Home away from home

Moon unites, even from ‘tens of thousands miles away’

Xiaoyu Zhu, Contributing Writer

The annual Mid-Autumn Festival celebration was held in the Henderson Campus Center lobby on Sunday, Sept. 27. The event was organized by the modern and classical language department, the Association for Asian and Asian American Awareness, Asian Studies and the International Club.

Snacks, fruits and mooncakes were provided. Mooncakes are the traditional food of the Mid-Autumn Festival. It has a round shape which symbolizes the meaning of completeness, unity and peace in Chinese culture.

The Mid-Autumn Festival is held annually on Aug. 15 in the Chinese lunar calendar. The worship of the moon is an important part of the festival celebration. In China it is believed that the full moon signifies peace, harmony and unity. The festival is celebrated by families coming together. The moon connects people who are unable to be in the same place and it represents the feelings this absence creates.

“When I was at home, we usually light lanterns, eat mooncakes, enjoy the full moon and sings traditional songs with family to celebrate the Mid-Autumn Festival,” Yan Xu, ’18, said.

Xiaolin Shi, assistant professor of modern and classical languages, emphasized the importance for Chinese students to be able to celebrate the festival even when they are away from home.

“We are used to seeing family members everyday at home. When we celebrate the Festival here, tens of thousands miles away from home…the importance of family reunion becomes extremely clear and obvious,” said Shi.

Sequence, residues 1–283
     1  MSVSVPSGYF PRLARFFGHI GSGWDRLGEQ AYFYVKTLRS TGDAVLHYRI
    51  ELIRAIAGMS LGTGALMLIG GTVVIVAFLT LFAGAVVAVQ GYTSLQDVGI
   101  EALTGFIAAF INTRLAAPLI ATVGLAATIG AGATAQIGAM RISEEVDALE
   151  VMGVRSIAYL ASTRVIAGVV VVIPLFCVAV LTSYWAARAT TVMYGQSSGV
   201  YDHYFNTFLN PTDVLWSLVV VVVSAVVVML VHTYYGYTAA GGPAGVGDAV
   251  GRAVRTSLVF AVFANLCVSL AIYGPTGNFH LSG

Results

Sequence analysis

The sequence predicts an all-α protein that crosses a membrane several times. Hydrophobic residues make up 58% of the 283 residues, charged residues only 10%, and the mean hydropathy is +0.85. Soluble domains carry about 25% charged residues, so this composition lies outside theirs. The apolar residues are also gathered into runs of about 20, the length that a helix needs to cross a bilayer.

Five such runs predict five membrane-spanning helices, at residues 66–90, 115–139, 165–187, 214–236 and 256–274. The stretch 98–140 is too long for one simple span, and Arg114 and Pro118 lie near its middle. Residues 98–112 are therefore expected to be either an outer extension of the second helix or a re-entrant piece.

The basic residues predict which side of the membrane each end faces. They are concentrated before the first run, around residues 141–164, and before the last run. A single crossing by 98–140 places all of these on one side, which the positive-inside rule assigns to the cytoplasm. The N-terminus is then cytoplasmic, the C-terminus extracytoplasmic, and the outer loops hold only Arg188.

According to the Chinese students and faculties who attended the festival, the biggest difference in the way they celebrated the Mid-Autumn Festival here is that people spent the time with friends instead of family. Yuxin Zhou, ’18, said being able to celebrate the festival at Allegheny is special.

“For me, the Mid-Autumn Festival means mooncake and unity of family. But it is a little different from the way we celebrate the festival at home. The Mid-Autumn Festival event at Allegheny College helps people from different backgrounds to know and understand Chinese culture better. Especially for Chinese students, who leave home tens of thousands miles away, having a chance to embrace a sense of belonging in an alien land is really great.” Zhou said.

Students from Japan, Korea and Vietnam who also celebrate the festival, participated in the event. Korean student, Chang Won Han, ’18, performed a Korean rap and Keigo M Chihara, an exchange student from Japan, performed a traditional Japanese dance.

“To be honest, I was so nervous before performing. However, at the same time, I thought it would be a good opportunity to show Japanese tradition. So I tried my best, ” said Mochihara. “We also celebrate the Mid-Autumn Festival in Japan, but it’s different from Chinese culture. We usually visit a grave on Mid-Autumn Day to worship our ancestors.”

As well as these performances, My H.Dang, ’18, introduced the traditions of the Vietnamese Mid-Autumn Festival. According to her, the Mid-Autumn Festival in Vietnam is known as the Children’s Festival. Vietnamese tradition includes making a five-pointed-star shaped lantern as a way of celebrating the festival.

As part of the performances, students from the Chinese 101, 215 and 305 classes sang Chinese songs.

Shi explained the importance of having festivals like this at Allegheny.

“It’s a good chance for people from different background to learn another culture,” Shi said. “Especially today we have lots of people from all over the world. We look different and we have different first languages but we sit here together to celebrate the Mid-Autumn Festival. To respect and understand different cultures…that’s the meaning of diversity.”